3. Let the function f be defined such that f(x) = x 2 - c, where c is a constant. If f(−2) = 6, what is the value of c ?
(A) -10 (B) -2 (C) 0 (D) 2
Start by plugging in what you know into the function given. If f(x) = x 2 - c, and f(–2) = 6, then plug in –2 for x in the function: f(–2) = (–2) 2 – c. Solve and replace f(–2) with 6: 6 = 4 – c; 2 = –c; and c = –2. If you picked (A), you forgot that (–2) 2 is positive 4.
Work these practice questions using your calculator as needed.
4. If a rectangular swimming pool has a volume of 16,500 cubic feet, a uniform depth of 10 feet, and a length of 75 feet, what is the width of the pool, in feet?
(A) 22 (B) 26 (C) 32 (D) 110
For this question, you need to know that volume equals length × width × height. You know that the volume is 16,500, the depth (or height) is 10, and the length is 75. Just put those numbers in the formula: 16,500 = 75 × w × 10. Use your calculator to solve for w, which equals 22: (A).
5. Nails are sold in 8-ounce and 20-ounce boxes. If 50 boxes of nails were sold and the total weight of the nails sold was less than 600 ounces, what is the greatest possible number of 20-ounce boxes that could have been sold?
(A) 33 (B) 25 (C) 17 (D) 16
To solve this question, plug in the answer choices. The question asks for the greatest possible number of 20-ounce boxes. Start with (B). If there are twenty-five 20-ounce boxes, then there are twenty-five 8-ounce boxes because a total of 50 boxes was purchased. In this case, the twenty-five 20-ounce boxes weigh 500 ounces, and the twenty-five 8-ounce boxes weigh 200 ounces; the total is 700 ounces. This is too big because the question says the total weight was less than 600. If (B) is too big, (A) must also be too big; eliminate both answers. If you try (C), the total weight is 604 ounces, which is still too big. So the answer must be (D).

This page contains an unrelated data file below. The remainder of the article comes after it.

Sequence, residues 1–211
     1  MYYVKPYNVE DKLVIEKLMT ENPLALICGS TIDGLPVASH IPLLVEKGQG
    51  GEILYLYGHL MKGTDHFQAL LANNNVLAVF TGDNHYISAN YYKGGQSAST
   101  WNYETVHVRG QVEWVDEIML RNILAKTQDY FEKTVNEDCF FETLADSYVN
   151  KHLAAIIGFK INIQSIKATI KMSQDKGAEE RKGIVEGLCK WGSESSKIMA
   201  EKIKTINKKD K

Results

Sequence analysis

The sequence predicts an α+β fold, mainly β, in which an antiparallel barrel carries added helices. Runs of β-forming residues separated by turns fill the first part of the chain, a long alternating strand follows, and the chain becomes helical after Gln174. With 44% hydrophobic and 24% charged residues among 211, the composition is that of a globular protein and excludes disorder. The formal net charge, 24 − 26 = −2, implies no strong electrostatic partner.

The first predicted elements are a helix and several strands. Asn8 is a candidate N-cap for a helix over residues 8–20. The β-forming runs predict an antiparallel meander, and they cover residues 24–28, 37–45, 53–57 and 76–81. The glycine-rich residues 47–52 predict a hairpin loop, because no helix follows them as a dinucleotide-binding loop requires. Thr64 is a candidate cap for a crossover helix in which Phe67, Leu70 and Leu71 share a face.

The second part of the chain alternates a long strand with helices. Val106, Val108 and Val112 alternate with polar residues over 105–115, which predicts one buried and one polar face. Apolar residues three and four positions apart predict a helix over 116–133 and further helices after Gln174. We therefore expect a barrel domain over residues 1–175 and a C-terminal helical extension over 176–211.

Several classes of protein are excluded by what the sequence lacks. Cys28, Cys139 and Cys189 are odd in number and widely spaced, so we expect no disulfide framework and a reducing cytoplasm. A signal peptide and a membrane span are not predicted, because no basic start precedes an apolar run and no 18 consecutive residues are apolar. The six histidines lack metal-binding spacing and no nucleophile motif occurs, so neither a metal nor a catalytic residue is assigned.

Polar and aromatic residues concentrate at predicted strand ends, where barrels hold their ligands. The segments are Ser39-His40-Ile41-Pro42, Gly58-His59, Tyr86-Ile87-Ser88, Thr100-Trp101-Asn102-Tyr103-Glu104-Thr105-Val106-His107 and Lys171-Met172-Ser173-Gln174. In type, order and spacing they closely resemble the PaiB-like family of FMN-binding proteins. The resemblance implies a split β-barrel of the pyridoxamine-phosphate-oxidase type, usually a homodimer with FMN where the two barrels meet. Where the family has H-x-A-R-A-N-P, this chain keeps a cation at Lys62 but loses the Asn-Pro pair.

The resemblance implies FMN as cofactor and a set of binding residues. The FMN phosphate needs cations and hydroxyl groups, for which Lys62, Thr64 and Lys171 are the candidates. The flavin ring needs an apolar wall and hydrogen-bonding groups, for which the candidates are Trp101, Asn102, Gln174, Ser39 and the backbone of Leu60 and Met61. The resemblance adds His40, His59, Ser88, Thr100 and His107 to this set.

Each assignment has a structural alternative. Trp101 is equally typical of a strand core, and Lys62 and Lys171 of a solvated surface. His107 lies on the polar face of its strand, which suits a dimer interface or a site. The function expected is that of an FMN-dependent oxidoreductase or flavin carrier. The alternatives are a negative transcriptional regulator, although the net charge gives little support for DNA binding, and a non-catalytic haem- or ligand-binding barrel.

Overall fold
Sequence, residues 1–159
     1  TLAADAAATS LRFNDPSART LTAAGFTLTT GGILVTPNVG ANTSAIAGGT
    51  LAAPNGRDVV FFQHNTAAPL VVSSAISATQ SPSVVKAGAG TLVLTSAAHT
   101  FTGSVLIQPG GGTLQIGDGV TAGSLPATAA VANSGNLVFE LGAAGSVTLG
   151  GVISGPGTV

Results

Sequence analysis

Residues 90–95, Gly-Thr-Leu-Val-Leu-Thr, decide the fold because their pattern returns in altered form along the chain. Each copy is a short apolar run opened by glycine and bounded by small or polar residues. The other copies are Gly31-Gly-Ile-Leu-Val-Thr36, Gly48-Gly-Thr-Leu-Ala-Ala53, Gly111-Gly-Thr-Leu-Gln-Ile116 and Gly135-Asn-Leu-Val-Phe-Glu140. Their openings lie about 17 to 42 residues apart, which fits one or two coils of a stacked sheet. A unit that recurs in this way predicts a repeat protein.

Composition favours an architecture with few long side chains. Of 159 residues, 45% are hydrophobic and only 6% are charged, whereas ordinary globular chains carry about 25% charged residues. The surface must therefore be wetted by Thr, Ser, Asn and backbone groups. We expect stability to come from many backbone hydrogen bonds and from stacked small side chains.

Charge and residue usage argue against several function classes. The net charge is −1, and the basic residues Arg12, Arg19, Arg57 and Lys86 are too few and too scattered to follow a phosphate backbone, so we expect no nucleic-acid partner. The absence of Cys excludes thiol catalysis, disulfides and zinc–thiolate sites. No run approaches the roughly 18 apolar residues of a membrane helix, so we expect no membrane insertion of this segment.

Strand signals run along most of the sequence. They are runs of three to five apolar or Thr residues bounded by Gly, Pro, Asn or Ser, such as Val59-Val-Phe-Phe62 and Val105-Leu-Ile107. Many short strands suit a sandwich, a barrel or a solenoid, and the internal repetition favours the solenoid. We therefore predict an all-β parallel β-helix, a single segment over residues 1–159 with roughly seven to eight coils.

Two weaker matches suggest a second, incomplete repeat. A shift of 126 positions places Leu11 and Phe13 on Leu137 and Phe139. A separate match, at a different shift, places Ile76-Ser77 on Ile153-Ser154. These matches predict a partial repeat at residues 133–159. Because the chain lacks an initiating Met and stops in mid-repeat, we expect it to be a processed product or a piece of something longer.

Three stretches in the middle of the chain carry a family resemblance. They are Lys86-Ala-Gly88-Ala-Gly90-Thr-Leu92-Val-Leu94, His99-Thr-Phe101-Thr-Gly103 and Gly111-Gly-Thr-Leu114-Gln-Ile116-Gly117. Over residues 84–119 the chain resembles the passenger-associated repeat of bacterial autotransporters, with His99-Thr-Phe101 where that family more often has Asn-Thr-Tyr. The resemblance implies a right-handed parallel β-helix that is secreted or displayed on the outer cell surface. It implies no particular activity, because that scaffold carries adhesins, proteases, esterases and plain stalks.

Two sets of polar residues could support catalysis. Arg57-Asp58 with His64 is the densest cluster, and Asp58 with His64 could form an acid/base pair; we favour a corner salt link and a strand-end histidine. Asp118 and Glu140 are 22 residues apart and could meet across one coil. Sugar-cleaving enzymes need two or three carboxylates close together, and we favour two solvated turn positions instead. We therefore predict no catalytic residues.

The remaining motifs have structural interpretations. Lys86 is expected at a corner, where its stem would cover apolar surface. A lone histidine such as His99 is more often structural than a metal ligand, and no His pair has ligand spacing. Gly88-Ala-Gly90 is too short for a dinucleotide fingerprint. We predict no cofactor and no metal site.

The owner of a spice store buys 3 pounds each of cinnamon, nutmeg, ginger, and cloves from distributor D. She then sells all of the spices at $2.00 per ounce. What is her total profit, in dollars?
(1 pound = 16 ounces)
(A) $192 (B) $282 (C) $384 (D) $486
This is a hard question, so you have to stay on your toes. If the owner buys 3 pounds of each spice, that means she pays the following amounts for each spice:
cinnamon: $8 × 3 = $24
nutmeg: $9 × 3 = $27
ginger: $7 × 3 = $21
cloves: $10 × 3 = $30
So she pays a total of 24 + 27 + 21 + 30, or $102 for 12 pounds of spices. She then sells the spices per ounce , so you have to figure out first how many ounces of spices she has. If 1 pound is 16 ounces, then 12 pounds is 12 × 16, or 192 ounces. She sells all the spices at $2 per ounce, so she makes 192 × $2, or $384. To figure out her profit, subtract the amount she paid for the spices from the amount she made selling them: $384 – $102 = $282, (B).